NASCAR Cup Series teams have an idea of what to expect this week at Las Vegas Motor Speedway. But with a new car, whatever idea they have is still only a guess.
The premier series hits Sin City for the first of two races this season at the 1.5-mile, D-shaped oval (3:30 p.m. ET Sunday on Fox). Following a tumultuous 2020, Kyle Larson began his remarkable return to glory with a win in this race a year ago, marking the first of a 10-win championship season. In the playoffs, Denny Hamlin was the one celebrating in victory lane for the second and final time in 2021.
Of course, that was with an old car — the Gen 6 — and if last week’s race at Auto Club Speedway taught us anything, it’s to expect the unexpected. The Next Gen car makes its mile-and-a-half debut at Las Vegas, three months after organizational tests at Charlotte, another 1.5-miler.
The pavement in Vegas isn’t nearly as worn out and abrasive as the one competitors tackled last week in Fontana. Still, the tighter confines and limited knowledge might make for unpredictable racing — and unpredictable frontrunners.
Parity out of the gate
One of the major themes echoing throughout the NASCAR garage entering 2022 was that the Next Gen car would bring more parity throughout the field.
Two races make for a small sample size, but the results so far prove that to be true. Following events at Daytona and Auto Club, 19 different drivers have top-10 finishes. The only driver with two top 10s is Aric Almirola, who currently sits sixth in points.
Underscoring the point – nine teams made up the top 10 of last week’s finishing order and 17 different drivers have led at least one lap already.
Whether that trend continues remains to be seen. However, even recent events at Las Vegas have offered their share of open opportunity. The last five Vegas races have been won by five different drivers, with the last four winners each coming from different organizations.
Perhaps Sunday’s race will begin a new trend of repeat winners and the unpredictability will slow down a bit. But that’s a big maybe.
Setting the stage
Stage 2 winners at Las Vegas, meanwhile, have won seven of the last nine races there, including both Larson and Hamlin a year ago. In that span, Truex (2017) and Kevin Harvick (March 2018) won both stages and the event.
Of course, each Stage 1 winner had also won the race at Auto Club up until Reddick’s flat tire cost him last weekend.
Toyota’s not-so-winning streak
The last time we saw a Toyota go to Victory Lane was way back in October 2021, when Bubba Wallace broke through to score his first career Cup win at Talladega Superspeedway. The last time before that was his 23XI Racing team owner, Denny Hamlin, who won at Las Vegas one week prior.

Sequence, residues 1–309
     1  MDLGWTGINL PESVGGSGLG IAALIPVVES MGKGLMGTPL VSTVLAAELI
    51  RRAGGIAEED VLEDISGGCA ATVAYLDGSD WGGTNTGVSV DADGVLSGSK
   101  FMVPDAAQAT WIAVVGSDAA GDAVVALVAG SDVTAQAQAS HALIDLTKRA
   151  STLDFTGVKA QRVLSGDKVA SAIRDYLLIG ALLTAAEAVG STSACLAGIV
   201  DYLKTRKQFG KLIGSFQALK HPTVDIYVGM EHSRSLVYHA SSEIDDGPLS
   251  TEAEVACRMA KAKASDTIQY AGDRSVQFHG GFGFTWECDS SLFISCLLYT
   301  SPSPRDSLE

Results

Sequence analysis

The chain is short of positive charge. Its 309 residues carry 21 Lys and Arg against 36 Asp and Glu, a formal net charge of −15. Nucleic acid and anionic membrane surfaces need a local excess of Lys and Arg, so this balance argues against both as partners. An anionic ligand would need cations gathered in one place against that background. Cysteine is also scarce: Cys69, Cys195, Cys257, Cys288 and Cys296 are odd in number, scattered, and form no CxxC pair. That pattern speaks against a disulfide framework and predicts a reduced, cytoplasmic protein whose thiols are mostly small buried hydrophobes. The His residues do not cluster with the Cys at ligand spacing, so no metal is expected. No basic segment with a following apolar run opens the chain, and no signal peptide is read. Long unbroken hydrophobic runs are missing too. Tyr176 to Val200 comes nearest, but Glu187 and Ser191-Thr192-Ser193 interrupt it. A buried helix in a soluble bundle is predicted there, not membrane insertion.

It’s been a long time since Toyota won a race, and overheating issues for three of the four Joe Gibbs Racing cars at Auto Club didn’t help the manufacturer’s cause. Toyota has won two of the last five in Vegas, though, so perhaps this is the week JGR or 23XI right the ship. Kurt Busch, the hometown driver and 23XI’s newest addition, won here in September 2020 too, so there should be hope within the Toyota camp.
Tough sledding so far
All three drivers have two DNFs in two races this season, the best finish among them a 33rd-place effort from Burton in California.
Surely, they’ll find their way and start knocking out more reasonable finishes. But no question JGR, Hendrick Motorsports and Wood Brothers Racing are wondering how Jacques Villeneuve, who ran only the Daytona 500, sits higher in points (32nd) than any of their cars through two races.
Thirteen of the last 14 Las Vegas winners have won championships. The lone exception is Hamlin, who earned his first career win in Vegas last year. That list includes Larson, Kurt Busch, Joey Logano, Truex, Brad Keselowski, Kevin Harvick, Tony Stewart and Matt Kenseth.
There are 37 cars on the Cup Series entry list for Sunday, including Greg Biffle in the No. 44 Chevrolet for NY Racing Team.
Meanwhile, 42 cars dot the Xfinity list for Saturday’s event, meaning four cars will fail to qualify.
On the Camping World Truck Series entry list are 37 trucks for 36 spots. One truck will fail to qualify.
In a change from its previously announced practice procedures, all Cup teams will have 35 minutes to practice ahead of qualifying on Saturday. NASCAR announced the change Wednesday in an effort to provide teams more practice time. The series debuted its two-group, 15-minute practice sessions last weekend at Auto Club but was delayed by multiple on-track incidents.
After practice, teams will then be parted into two groups — Group A and Group B — for single-car, single-lap qualifying. The top five drivers from each group will then advance to the next round for another single-car, single-lap qualifying effort to determine the top 10 starting positions.
The Xfinity and Truck series will each hold single-car, single-lap qualifying for all entries following its 20-minute practice sessions.
This weekend’s schedule and forecast
(All times Eastern)
Friday, March 4
Forecast: Partly cloudy, high of 63 degrees, low of 47 degrees.
- 4:30 p.m. — Truck practice/qualifying (FS1)
- 6:30 p.m. — Xfinity practice/qualifying (FS1)
- 9 p.m. — Truck race (FS1, PRN, SiriusXM NASCAR Radio)
Saturday, March 5
Forecast: Mostly cloudy, high of 56 degrees, low of 40 degress.
- 1:30 p.m. — Cup practice (FS2)
- 2 p.m. — Cup qualifying (FS1, PRN)
- 4:30 p.m. — Xfinity race (FS1, PRN, SiriusXM NASCAR Radio)
Sunday, March 6
Forecast: Partly cloudy, high of 62 degrees, low of 41 degrees.
- 3:30 p.m. — Cup race (267 laps, 400 miles; FOX, PRN, SiriusXM NASCAR Radio)